Martin Wolf writes in the Financial Times that too much attention has been paid to the decision of Cameron to veto the proposed change in the EU treaty. This was a bad decision because it isolates the UK from the EU, and that will eventually harm the City of London banking interests that he was trying to protect. He argues, however, that more attention should be given to the failure of the summit to deal with the real structural problems in the eurozone. The effort to create a stability and growth union through fiscal austerity will produce an instability and stagnation union instead.
It may help to understand Wolf's reasoning if we look at a single vulnerable country in relation to Germany. Spain's economy was in good shape prior to the collapse of the real estate bubble. The collapse of asset prices led to private sector deleveraging. This produced a surplus of savings in Spain and a decline in private sector spending. This implies that Spain's trade deficit with Germany must turn into a surplus to compensate for the decline in private sector spending. That would require adjustments in Spain that would make it more competitive with Germany. Imports from Germany would fall and exports from Spain to Germany would rise. The other possibility would be for the trade surplus to rise via the rest of the world for the combined team of Germany and Spain. Even if it were possible for Spain to make the necessary structural changes it would take a long time to achieve that result.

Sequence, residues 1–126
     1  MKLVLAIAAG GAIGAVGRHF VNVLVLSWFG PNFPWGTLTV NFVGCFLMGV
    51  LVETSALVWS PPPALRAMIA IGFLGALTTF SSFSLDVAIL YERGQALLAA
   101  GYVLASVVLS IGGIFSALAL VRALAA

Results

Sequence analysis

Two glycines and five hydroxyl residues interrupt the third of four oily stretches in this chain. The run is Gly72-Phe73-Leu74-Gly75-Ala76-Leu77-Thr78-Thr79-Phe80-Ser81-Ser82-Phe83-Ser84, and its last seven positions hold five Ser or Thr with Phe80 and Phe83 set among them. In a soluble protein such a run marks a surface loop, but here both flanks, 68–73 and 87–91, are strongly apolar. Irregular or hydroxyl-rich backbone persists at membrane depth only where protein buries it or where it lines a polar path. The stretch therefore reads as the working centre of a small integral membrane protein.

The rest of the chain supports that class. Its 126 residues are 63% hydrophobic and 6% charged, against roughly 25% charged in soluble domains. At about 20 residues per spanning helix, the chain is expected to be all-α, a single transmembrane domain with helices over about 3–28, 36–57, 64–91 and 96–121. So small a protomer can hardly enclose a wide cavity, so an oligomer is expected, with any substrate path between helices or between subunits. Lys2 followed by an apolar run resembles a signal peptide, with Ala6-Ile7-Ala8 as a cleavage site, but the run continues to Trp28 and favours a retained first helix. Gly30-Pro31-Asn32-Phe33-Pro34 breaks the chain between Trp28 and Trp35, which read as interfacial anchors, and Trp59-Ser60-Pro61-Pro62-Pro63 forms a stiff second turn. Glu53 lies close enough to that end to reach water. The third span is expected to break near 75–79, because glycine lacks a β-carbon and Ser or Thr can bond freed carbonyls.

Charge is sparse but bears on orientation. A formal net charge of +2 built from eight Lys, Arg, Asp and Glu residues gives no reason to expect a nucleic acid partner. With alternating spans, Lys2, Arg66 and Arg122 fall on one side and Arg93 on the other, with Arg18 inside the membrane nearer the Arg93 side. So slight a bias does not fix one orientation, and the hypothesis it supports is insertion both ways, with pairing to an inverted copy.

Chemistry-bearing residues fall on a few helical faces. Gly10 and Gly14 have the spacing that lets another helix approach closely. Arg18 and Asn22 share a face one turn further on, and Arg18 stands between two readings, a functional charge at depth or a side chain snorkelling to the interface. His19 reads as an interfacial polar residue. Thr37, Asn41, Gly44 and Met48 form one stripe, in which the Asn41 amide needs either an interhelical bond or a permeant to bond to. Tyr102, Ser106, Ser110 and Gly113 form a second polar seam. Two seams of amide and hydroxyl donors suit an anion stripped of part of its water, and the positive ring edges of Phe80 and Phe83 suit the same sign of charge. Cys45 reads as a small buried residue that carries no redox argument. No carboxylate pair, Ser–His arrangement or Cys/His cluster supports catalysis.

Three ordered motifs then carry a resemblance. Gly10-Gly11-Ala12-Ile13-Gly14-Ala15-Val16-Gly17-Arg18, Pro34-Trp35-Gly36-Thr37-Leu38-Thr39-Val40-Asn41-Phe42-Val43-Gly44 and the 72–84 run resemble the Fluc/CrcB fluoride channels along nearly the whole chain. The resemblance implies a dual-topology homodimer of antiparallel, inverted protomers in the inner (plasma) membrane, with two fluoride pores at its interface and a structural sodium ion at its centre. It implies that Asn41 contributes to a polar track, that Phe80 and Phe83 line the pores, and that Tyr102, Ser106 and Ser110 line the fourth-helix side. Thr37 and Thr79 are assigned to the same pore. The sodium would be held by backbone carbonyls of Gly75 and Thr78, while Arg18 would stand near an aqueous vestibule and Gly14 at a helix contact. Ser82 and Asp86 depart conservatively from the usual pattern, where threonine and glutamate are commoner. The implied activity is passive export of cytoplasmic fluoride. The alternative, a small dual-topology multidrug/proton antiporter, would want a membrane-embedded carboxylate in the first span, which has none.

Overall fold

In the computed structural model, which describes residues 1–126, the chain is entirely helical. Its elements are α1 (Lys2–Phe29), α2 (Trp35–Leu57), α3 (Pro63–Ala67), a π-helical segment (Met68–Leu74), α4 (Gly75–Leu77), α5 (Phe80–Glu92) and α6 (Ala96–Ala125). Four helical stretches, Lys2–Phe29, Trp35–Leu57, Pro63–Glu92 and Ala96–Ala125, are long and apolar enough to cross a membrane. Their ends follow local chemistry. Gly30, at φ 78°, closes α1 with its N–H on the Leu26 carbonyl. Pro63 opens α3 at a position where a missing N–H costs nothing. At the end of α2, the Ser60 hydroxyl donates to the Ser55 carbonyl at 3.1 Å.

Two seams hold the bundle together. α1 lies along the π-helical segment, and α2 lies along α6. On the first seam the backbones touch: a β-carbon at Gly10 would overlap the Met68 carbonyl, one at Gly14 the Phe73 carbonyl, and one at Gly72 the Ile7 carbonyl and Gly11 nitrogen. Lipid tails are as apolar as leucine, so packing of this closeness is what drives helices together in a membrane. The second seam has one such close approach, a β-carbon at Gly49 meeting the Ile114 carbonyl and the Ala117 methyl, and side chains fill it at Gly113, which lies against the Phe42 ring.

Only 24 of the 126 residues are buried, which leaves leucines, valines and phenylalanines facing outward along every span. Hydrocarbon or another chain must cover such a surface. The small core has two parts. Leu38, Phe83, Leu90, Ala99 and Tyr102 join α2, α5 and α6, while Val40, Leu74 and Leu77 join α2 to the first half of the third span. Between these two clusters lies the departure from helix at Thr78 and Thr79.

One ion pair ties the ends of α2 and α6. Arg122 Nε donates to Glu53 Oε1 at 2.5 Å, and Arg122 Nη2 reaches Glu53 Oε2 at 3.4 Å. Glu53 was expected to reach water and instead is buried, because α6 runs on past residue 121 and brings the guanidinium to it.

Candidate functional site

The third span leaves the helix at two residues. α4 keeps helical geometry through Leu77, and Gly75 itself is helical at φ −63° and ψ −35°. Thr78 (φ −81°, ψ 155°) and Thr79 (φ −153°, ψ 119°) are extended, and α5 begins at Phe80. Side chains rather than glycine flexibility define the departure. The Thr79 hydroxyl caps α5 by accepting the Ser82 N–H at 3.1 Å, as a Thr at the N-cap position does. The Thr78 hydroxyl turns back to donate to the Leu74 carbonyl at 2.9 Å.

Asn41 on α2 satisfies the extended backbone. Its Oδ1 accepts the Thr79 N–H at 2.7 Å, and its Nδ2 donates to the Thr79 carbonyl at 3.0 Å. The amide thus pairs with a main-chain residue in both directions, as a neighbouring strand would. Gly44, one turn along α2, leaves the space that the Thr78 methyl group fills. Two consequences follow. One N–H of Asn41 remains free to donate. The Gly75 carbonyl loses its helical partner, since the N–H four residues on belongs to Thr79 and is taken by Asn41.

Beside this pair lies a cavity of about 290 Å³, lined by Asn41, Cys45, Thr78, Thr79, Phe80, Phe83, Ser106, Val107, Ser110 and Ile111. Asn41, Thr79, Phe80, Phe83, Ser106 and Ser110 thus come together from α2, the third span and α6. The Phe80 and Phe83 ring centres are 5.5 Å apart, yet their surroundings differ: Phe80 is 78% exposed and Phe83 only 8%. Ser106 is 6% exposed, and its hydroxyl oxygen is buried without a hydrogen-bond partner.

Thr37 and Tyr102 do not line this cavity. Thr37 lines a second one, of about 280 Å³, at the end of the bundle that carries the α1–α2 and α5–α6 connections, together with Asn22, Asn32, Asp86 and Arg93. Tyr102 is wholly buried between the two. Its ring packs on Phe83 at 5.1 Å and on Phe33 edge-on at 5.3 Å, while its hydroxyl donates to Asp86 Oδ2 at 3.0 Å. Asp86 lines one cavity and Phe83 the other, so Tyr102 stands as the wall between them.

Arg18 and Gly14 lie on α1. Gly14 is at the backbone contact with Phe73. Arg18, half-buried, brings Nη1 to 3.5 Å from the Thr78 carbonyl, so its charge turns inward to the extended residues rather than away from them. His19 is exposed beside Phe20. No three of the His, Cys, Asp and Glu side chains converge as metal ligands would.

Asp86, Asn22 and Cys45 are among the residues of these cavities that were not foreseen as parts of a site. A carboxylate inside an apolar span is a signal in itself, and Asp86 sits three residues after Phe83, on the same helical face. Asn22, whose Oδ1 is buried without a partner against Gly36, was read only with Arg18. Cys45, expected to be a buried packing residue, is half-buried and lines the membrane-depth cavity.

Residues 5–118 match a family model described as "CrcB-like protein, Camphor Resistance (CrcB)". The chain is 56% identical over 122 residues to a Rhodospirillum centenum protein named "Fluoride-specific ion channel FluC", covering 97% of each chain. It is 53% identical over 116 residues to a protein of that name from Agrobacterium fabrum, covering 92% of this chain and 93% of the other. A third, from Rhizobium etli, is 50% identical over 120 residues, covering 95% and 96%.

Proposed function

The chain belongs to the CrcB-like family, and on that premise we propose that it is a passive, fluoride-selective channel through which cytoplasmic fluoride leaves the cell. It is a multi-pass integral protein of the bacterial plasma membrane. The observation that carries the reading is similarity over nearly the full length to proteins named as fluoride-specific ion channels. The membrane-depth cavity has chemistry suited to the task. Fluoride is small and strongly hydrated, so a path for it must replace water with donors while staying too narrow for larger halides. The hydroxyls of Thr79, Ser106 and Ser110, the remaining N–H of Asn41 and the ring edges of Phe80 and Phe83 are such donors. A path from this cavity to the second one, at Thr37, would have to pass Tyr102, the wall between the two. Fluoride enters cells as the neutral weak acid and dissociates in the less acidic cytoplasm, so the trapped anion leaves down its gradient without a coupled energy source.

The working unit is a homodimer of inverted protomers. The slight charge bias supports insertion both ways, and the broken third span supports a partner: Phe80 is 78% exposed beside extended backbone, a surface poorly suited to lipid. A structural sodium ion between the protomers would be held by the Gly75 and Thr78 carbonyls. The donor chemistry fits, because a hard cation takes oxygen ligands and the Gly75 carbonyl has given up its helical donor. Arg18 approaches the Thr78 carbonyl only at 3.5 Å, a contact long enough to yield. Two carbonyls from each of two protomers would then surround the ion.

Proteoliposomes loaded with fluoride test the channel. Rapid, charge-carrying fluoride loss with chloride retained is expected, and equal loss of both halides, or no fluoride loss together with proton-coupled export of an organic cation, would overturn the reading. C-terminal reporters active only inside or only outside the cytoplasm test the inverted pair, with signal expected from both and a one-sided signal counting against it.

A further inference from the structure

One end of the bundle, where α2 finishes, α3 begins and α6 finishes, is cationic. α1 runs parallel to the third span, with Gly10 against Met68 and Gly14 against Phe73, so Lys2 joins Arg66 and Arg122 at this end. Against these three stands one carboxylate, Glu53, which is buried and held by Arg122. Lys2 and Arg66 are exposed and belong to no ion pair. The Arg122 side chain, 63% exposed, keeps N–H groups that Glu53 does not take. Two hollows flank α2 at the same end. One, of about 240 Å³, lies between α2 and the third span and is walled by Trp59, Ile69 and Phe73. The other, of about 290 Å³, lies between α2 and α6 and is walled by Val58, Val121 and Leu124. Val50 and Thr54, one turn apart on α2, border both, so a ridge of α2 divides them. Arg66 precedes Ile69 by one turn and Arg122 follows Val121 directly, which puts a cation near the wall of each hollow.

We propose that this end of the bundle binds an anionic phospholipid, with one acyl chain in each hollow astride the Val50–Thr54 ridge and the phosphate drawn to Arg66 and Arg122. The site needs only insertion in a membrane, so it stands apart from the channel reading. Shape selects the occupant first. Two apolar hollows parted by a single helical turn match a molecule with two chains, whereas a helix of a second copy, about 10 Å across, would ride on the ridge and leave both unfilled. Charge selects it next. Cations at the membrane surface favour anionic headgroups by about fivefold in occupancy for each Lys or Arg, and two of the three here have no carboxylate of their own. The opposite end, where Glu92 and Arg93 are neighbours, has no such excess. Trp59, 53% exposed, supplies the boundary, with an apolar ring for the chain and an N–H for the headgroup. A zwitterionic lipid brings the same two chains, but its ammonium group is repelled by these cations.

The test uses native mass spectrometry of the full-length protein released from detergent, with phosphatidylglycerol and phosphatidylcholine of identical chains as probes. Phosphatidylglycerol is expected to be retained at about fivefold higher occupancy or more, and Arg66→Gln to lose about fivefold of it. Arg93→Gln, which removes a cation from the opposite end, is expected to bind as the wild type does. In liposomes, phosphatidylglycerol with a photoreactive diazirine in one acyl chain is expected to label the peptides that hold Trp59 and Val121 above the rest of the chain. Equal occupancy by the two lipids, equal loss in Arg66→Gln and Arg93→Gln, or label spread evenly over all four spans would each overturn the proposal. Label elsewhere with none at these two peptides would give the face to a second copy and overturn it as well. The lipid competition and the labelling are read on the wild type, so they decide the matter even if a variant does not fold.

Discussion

The other alternative for Spain is to deepen its recession by reducing its government deficit through an austerity program. The intent is to encourage investors to gain confidence in Spain and purchase its debt at affordable prices. Investors, however, are not easily fooled. They do not want to invest in an economy that is shrinking. That is what we have in Spain today. It is in a long term structural recession that requires wages and prices to deflate. In the meantime Investors demand a risk premium for Spanish debt.